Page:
By message No 1450 of 18 April 2023, the Italian National Social Security Entity (Istituto nazionale della previdenza sociale, ‘INPS’) provided some important clarification on eligibility for employment incentives under current legislation in the case of new recruitment under an ‘expansion contract’ (contratto di espansione).
In its message, the Entity summarises the regulations relating to the general principles for employers who are recruiting to take advantage of these incentives. The message focuses first on the eligibility of employers who requested the usual recruitment incentives under our system, to actually obtain them during the expansion contract, in light of certain provisions of Article 31, paragraph 1, letters a) and c) of Italian Legislative Decree No. 150/2015. These provisions respectively provide that:
The expansion contract was introduced on an experimental basis, limited to 2019 and 2020, by Article 26-quater of Italian Decree Law No 34/2019. This provision incorporated it into Article 41 of Italian Legislative Decree No. 148/2015, thus repealing job-creation agreements (contratto di solidarietà espansivo).
Originally, the expansion contract was aimed exclusively at large companies with workforces above 1,000 employees. It sought to incentivise reindustrialisation and corporate reorganisation through, (i) the introduction of new staff into the workforce, (ii) staff retraining to update individual and collective skills, and (iii) the recruitment on a permanent basis of new skilled employees.
With Italian Law No 178/2020 (2021 Budget Law), the legislator, on an experimental basis, extended the duration of expansion contracts to 2021. The range of employers was also expanded to those with not less than 500 working units. The provision extended incentives to those who take early retirement within five years of their theoretical retirement date to those employers with at least 250 employees. The number of employees is calculated as an average over the previous six months. For permanent groupings of undertakings with a single production or service purpose the overall number of employees is aggregated (INPS Circular No 48 of 24 May 2021).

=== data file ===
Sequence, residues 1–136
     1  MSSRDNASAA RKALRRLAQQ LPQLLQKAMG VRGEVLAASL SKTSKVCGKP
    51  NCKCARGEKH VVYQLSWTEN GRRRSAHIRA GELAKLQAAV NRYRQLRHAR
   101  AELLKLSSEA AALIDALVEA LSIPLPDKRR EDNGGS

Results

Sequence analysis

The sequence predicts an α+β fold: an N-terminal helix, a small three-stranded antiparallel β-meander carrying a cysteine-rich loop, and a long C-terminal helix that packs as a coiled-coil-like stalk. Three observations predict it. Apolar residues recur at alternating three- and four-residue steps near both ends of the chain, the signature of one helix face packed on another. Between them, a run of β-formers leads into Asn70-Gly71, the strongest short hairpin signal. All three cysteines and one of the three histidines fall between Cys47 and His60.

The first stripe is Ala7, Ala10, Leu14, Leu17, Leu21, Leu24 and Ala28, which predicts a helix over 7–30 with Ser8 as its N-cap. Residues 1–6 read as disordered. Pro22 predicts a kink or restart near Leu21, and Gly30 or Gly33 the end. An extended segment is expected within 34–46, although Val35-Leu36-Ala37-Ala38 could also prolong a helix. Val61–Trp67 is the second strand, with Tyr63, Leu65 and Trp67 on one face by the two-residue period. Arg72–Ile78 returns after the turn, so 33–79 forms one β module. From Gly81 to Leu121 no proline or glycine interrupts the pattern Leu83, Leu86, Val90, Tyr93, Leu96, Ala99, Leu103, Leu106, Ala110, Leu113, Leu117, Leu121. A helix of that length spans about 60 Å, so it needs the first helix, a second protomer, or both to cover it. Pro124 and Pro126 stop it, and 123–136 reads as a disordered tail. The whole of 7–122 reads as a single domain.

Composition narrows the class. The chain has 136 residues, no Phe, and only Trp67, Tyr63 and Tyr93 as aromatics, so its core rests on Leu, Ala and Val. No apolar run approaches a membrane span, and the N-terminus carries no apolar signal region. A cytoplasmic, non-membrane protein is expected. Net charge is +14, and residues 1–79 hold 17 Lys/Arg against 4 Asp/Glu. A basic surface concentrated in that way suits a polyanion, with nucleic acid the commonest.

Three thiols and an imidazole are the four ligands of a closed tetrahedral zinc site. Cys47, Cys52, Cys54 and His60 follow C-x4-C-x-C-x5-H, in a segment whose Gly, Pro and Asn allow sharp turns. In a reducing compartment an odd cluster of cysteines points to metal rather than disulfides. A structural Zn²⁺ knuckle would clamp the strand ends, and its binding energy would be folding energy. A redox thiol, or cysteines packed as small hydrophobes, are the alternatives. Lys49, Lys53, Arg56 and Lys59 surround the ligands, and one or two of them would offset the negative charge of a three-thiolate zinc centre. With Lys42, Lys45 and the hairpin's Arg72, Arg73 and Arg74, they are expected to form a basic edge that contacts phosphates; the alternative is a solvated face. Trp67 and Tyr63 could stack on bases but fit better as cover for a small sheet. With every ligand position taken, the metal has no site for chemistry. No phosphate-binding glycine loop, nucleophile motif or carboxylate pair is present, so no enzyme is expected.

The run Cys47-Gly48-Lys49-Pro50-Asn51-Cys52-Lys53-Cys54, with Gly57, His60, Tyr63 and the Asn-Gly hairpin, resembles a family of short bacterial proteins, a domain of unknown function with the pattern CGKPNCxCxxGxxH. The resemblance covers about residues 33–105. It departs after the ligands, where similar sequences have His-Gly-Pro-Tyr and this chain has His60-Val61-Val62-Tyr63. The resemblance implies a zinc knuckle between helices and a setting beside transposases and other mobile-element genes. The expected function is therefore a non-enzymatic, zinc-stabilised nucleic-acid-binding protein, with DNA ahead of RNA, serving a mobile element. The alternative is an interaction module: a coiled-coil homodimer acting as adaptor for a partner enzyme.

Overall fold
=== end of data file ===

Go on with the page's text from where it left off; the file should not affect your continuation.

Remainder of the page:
Subsequently, by Italian Law No 234/2021 (2022 Budget Law), the expansion contract provision was extended for 2022 and 2023. For this period only it can also be accessed by employers with a workforce of not less than 50 working units calculated on the same basis as set out above, i.e. an average over the previous six months and in aggregate for permanent groupings of undertakings (INPS Circular No 88 of 25 July 2022).
As a result of the above amendments made by the Budget Law 2022, employers with a workforce of not less than 50 working units may also, for the years 2022 and 2023, initiate a consultation procedure to enter into an expansion contract with the Ministry of Labour and Social Policy and the comparatively most representative trade unions at national level (or with their company trade union representatives or with the joint trade union representative).
As is well known, Article 31, paragraph 1 of Italian Legislative Decree No 150/2015 dictates the general principles for the use of incentives by employers relating to recruitment.
On the basis of this legislation, in message No 1450/2023, INPS focuses first on Article 31, paragraph 1, letter a) of Italian Legislative Decree No 150/2015, which states that ‘incentives are not payable if the recruitment arises under a pre-existing obligation established by a legal provision or collective bargaining’.